Prescription drug abuse update from the Drug Free Partnership

Staff Writer
Columbus Parent

You may think you've talked your kids' ears off about drugs, but Partnership research shows that only 24% of teens say their parents have told them about the dangers of Rx misuse and abuse. Teen prescription pill abuse is on the rise, and 1 in 5 teenagers has used an Rx drug recreationally to get high. Find out why and what you can do to keep your own kids healthy.


Do different groups of teens abuse different types of medications?

Yes. Research shows that for any prescription-type drug, pain relievers, tranquilizers, and stimulants, older teens/young adults aged 18 to 25 were more likely than younger teens aged 12 to 17 to report nonmedical use in the past year. Among youths aged 12 to 17, girls were somewhat more likely than boys to have misused any prescription psychotherapeutic drug (9.9 vs. 8.2 percent), pain relievers (8.1 vs. 7.0 percent), tranquilizers (2.6 vs. 1.9 percent), and stimulants (2.6 vs. 1.9 percent) in the past year. [Source: 2006 National Survey on Drug Use and Health.]

At what age are teens abusing prescription drugs?

Kids as young as 12 are trying or using prescription drugs non-medically - to get high or for "self-medicating." Pharmaceuticals are often more available to 12-year-olds than illicit drugs because they can be taken from the medicine cabinet at home, rather than marijuana which necessitates knowing someone who uses or sells the drug. Also, pills may have a perception of safety because they are easier to take than smoking pot or drinking alcohol and are professionally manufactured in a lab.

How can I talk to my kids about prescription drug abuse?

Starting a conversation about drugs with your kids is never easy - but it's also not as difficult as you may think. Take advantage of everyday "teachable moments" and, in no time at all, you'll have developed an ongoing dialogue with your child. Teachable moments refer to using everyday events in your life to point out things you'd like your child to know about. When you talk to your kids about drugs, make a special point to tell them how dangerous prescription drug abuse is.


1. These substances are readily available to teens in their own medicine cabinets and the medicine cabinets of friends - and very often they're available for free. The Partnership's data are very much in line with the findings of the National Survey on Drug Use and Health, which shows over 75% of teenage prescription drug abusers saying they got those drugs from friends or family.

2. Teens' perception of the risks of abuse is relatively low. Partnership research shows that less than half of teens see "great risk" in trying prescription pain relievers such as Vicodin or Oxycontin that a doctor did not prescribe for them. Over one quarter of teens believe prescription pain relievers are not addictive. The University of Michigan's "Monitoring the Future" survey data going back more than thirty years demonstrates that the more teens perceive risk associated with any substance of abuse, the less likely they are to abuse that substance. On the other hand, the less risk teens associate with a drug, the more likely they are to abuse it. So low perception of risk, coupled with easy availability, is a recipe for ongoing problems.

3. Research conducted by the Partnership in 2007, with support from Abbott, cast new light on the motivations of teens to abuse prescription drugs. Traditionally, it was thought that teens abused illegal drugs and alcohol to "party," or to "self-medicate" for some serious problem or disorder: adolescent depression, for example.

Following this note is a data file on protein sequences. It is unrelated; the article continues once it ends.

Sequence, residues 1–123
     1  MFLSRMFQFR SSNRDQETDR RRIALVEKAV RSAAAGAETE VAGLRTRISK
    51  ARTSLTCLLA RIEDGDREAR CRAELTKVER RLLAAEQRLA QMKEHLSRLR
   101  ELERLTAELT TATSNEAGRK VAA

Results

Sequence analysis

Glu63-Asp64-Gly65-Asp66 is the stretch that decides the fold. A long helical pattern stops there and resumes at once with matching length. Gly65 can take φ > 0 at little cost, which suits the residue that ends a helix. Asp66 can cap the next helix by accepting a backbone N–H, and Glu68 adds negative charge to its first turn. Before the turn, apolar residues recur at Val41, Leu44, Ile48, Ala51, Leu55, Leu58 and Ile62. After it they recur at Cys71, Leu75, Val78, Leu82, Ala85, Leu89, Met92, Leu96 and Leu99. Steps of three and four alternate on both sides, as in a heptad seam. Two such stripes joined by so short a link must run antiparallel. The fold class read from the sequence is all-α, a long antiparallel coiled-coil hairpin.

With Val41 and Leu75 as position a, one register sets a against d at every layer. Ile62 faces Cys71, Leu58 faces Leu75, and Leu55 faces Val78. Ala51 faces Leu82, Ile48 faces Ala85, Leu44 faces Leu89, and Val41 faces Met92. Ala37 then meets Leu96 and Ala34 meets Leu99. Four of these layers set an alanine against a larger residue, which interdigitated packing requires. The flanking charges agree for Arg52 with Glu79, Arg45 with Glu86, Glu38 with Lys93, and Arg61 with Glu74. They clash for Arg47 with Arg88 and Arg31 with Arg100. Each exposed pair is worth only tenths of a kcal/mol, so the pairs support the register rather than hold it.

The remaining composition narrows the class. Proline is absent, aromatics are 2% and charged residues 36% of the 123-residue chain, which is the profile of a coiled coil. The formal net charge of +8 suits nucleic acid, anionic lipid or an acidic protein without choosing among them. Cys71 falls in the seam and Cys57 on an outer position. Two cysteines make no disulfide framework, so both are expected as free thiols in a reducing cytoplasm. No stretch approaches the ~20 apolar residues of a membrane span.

But the Partnership's 2007 research, like the research done among college students by Carol Boyd and Sean McCabe at the University of Michigan, suggests a wider range of motivations for young people's abuse of prescription drugs, including "life management" such as using stimulants to help them cram for a test or lose weight, pain relievers to escape some of the pressure they feel to perform academically and socially, or tranquilizers to wind down at the end of a stressful day.

Once these substances have been integrated into teens' lives and abused as study or relaxation aids, it may become increasingly difficult to persuade teens that these drugs are unnecessary or unsafe when taken without a prescription.

4. Parents are the most valuable resource in preventing teen drug use, but they are not always aware of teens' prescription drug abuse, a behavior that was probably not on their radar when they were teenagers. They find it hard to understand the scale and purposefulness with which today's teens are abusing medications, and it's not immediately clear to them that the prime source of supply for abusable prescription drugs is likely to be their own medicine cabinet. Furthermore, many parents themselves are misusing, or perhaps abusing, prescription drugs without having a prescription. In the Partnership's study with Abbott, 28% of parents said they had used a prescription drug without having a prescription for it, and 8% of parents said they had given their teenager an Rx drug that was not prescribed for the teen.

5. Our efforts as a nation to date at least - have been inadequate. There has simply not been the public attention or resources devoted to this issue that we have seen for other emerging drug threats.

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For more information from ©Partnership for a Drug-Free America download the entire article. about teen and young adult prescription drug abuse.©Partnership for a Drug-Free America 6 Abbott Laboratories is the National Sponsor of this educational program.5